Rabies: There is a risk of rabies in KSA. Pilgrims should be advised of the importance of avoiding contact with wild or domestic animals and to seek urgent emergency medical treatment if any potential exposure (animal bite, lick or scratch) occurs.
Pre-exposure vaccination can be considered, however, rabies vaccination prior to travel does not eliminate the need for post-exposure medical evaluation and additional doses of rabies vaccine. A three dose course of rabies vaccine given pre-exposure simplifies post exposure rabies treatment and removes the need for post exposure rabies immunoglobulin, which is in short supply worldwide.
Seasonal influenza: Influenza is transmitted via the respiratory route and through contact (direct or indirect) with surfaces on which the virus has been deposited by sneezing or coughing. It is easily transmitted in crowded conditions. Certain groups are considered at particular risk of complications from influenza.
The MOH KSA recommends that pilgrims are vaccinated against seasonal influenza before arrival into KSA, especially pregnant women, children (under 5 years), obese people, and those suffering from chronic disorders (heart diseases, kidney diseases, respiratory diseases, nervous system disorders, diabetes, immune deficiency [congenital and acquired] and metabolic illnesses) . (see also MOH KSA recommendations for travel for specific risk groups).
Travellers in clinical risk groups defined by the UK Department of Health should receive influenza vaccine annually from their usual healthcare provider . For those who do not fall into any of these risk categories, vaccine can be purchased and administered at some high street pharmacies, other retailers, or private travel clinics.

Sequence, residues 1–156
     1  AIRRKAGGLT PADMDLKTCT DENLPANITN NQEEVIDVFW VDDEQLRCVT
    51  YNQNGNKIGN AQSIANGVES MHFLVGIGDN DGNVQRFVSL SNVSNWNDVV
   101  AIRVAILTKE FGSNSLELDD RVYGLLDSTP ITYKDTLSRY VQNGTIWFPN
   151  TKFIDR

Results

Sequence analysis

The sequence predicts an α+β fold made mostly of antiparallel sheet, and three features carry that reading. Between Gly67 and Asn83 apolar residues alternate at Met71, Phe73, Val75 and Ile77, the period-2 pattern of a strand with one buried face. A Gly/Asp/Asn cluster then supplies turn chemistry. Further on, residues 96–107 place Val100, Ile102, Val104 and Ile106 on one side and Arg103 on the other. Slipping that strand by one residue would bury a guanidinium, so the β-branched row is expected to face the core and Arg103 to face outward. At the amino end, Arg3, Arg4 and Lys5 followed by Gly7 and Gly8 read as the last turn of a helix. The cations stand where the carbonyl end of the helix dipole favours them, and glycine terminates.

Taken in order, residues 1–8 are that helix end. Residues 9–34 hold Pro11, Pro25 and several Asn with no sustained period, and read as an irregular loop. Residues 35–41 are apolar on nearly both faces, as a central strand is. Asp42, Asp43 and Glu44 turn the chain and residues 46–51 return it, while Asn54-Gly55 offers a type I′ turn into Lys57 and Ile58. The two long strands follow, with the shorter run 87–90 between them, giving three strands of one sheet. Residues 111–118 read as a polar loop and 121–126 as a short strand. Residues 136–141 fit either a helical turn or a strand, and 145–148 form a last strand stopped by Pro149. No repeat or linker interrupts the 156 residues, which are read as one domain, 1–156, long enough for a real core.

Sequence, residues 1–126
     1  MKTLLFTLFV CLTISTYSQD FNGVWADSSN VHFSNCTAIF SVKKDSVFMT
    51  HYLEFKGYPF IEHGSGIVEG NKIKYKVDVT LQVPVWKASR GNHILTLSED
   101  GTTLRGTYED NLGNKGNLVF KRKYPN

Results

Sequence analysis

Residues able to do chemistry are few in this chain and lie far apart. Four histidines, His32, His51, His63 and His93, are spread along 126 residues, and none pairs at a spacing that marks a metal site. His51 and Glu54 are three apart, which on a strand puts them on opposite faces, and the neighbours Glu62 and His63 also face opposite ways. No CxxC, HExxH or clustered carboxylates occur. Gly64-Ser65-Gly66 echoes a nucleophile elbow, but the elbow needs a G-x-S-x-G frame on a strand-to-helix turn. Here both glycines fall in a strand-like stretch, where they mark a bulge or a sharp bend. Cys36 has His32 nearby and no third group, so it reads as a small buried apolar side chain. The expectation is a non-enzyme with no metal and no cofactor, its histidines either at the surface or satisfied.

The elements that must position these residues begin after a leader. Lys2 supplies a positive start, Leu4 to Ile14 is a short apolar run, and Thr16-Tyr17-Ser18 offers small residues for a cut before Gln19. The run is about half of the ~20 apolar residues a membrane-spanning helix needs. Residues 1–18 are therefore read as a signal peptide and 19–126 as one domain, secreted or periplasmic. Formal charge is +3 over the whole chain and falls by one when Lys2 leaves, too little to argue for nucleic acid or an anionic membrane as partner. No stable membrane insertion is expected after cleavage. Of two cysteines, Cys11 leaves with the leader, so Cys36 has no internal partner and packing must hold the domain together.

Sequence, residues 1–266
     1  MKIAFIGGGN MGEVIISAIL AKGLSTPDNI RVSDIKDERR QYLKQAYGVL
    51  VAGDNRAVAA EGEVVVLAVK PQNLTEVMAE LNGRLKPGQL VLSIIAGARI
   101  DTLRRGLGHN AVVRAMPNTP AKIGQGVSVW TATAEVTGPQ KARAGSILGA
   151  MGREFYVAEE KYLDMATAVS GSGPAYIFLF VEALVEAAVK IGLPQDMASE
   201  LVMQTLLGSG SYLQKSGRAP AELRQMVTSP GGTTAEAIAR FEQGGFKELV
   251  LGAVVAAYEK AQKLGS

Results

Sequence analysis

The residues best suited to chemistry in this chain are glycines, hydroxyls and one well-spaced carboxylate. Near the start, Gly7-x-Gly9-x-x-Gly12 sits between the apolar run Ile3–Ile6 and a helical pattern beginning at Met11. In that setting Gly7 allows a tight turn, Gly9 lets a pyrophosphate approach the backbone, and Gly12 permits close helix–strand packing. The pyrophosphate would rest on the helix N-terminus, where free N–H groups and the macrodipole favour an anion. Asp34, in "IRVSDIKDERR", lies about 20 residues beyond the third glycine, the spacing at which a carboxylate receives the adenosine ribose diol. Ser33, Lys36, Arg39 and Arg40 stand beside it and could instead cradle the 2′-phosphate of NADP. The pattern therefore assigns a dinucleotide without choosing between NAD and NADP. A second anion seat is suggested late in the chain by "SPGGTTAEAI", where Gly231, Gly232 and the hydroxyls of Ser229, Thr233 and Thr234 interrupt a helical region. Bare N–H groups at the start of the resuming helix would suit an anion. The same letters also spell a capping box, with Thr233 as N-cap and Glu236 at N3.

Viral respiratory infection (known as Hajj cough) experienced by many pilgrims at the Hajj, can range from a mild inconvenience to a severe illness, and can interfere with performing the rites. Advice about the prevention of influenza can be found on the NaTHNaC Health Information Sheet on seasonal influenza.
Severe respiratory illness
Middle East respiratory syndrome coronavirus (MERS-CoV):
Since 2012, when MERS-CoV was first identified, there have been over 500 cases, the vast majority associated with KSA and the United Arab Emirates . Some cases associated with travel to the Middle East have been reported from European countries . This infection can cause severe illness and death [9, 10].
Since April 2014, there has been an increase in the number of reported cases of MERS-CoV, however, the risk to UK residents travelling to the Middle East of contracting MERS-CoV during travel remains very low [11, 12].
The Ministry of Health, KSA advises all pilgrims to:
- Wash hands with soap and water or disinfectant, especially after coughing and sneezing.